Every family has traditions that form a bond with past generations and give a certain identity and flavor that makes each family unique. In my family we have a mix of West Virginia hillbilly and Pennsylvania Dutch; which makes for a rather interesting blend! For example, growing up, every girl in the family got a Black Forest Cuckoo clock for a wedding gift. So growing up I thought every house had to have a cuckoo clock or it wasn’t complete! Since only the girls received them as gifts, I had to wait until my daughters went to Germany on a mission trip one year to get mine! But I have kept it hanging and working in a prominent place in the house every since then. My wife bought me one in Colombia when she found one as she knew how much they meant to me. In the food category that ranges from squirrel stew to sauerkraut and dumplings.

In the food category, yes, I hunt and we eat venison and squirrel and other game meat as part of our family tradition; and my kids all do as well! When I got married, my wife was from an aristocratic old Virginia family and so sauerkraut was not part of her tradition. We would go to my family home on New Years for many of the early years back from Colombia on furlough, but when our family grew and it was easier to stay home, the traditional Sauerkraut on New Year’s day fell to me if I wanted to continue; which I did. So from that day forward, every New Year’s day, I would become the cook and prepare the sauerkraut meal. I adapted the recipe over time to my liking, adding a bit of this or that to improve the flavor and nutritional value. Surprisingly, everyone liked it; even those family members who typically did not like sauerkraut!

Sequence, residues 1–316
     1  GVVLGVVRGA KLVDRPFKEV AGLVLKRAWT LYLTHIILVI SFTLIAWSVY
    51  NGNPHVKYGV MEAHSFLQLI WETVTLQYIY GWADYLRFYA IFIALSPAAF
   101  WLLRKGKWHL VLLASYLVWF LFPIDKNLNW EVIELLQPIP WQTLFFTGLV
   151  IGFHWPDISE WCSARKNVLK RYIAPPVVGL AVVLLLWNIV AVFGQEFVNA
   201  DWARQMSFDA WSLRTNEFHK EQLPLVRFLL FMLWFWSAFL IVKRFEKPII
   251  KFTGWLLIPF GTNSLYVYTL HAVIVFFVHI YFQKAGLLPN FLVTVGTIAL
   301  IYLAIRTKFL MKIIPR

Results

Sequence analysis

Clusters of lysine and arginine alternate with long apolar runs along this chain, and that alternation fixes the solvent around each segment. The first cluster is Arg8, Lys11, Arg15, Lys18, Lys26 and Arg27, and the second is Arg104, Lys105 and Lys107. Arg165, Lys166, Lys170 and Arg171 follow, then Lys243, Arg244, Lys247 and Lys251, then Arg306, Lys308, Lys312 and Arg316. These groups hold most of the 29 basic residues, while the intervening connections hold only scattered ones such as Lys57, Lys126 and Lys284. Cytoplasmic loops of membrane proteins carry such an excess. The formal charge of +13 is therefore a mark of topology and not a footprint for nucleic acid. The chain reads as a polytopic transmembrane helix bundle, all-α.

For that reason, I thought I would share my recipe with you this year. Here is the recipe so do feel free to borrow, adapt, and use “Dr. Dale’s Incredible Kraut and delicious Dumplings, as the family facetiously dubbed the meal! Hopefully it will give you prosperity (my kids joked that the prosperity came in the production of gas!) in the New Year, according the the German tradition.

Spectacular Spareribs and Incredible Kraut
Guaranteed for prosperity

2 racks of pork spareribs (4 to 6 pounds of local pastured pork)
3 to 4 pounds of sauerkraut (preferably homemade)
4 finely chopped unpared tart apples (about 2 cups)
4 finely chopped or shaved (with vegetable peeler) large carrots (about 2 cups)
3 cups of home canned tomato juice (or V-8 Vegetable Juice)
1 cup of diced tomatoes
6 finely chopped dried apricots
1 cup of brown sugar
4 teaspoons of caraway seed

Cut ribs in pieces, season with salt and black pepper (approximately 2 teaspoons of salt and ½ teaspoon of black pepper); place in a large stock pot with olive oil and brown well. Combine the kraut (which can be rinsed to reduce production of gas) with remaining ingredients; spoon over ribs to mix thoroughly until well mixed.

Simmer covered for three hours at low heat making certain the liquid covers the kraut and ribs. Skim off excess fat. Then remove lid and allow the kraut to simmer until some liquid had simmered away, leaving top of kraut exposed. Then make dumplings and place on top of the kraut and over, allowing the dumplings to bake for about fifteen minutes. Makes approximately ten servings and will warm your house for days.

Fluffy Dumplings
2 cups of sifted all purpose flour
4 teaspoons of baking powder
1 teaspoon of salt

1 cup of whole milk
4 tablespoons of extra virgin olive oil

Sift the flour, baking soda, and salt together and make certain the dry ingredients are well mixed. Add the milk and oil and kneed with pastry blender until moistened. Drop onto the kraut and cover. Do not lift cover and let mixture return to a slow boil for 12 to 15 minutes. This will make 10 generous dumplings.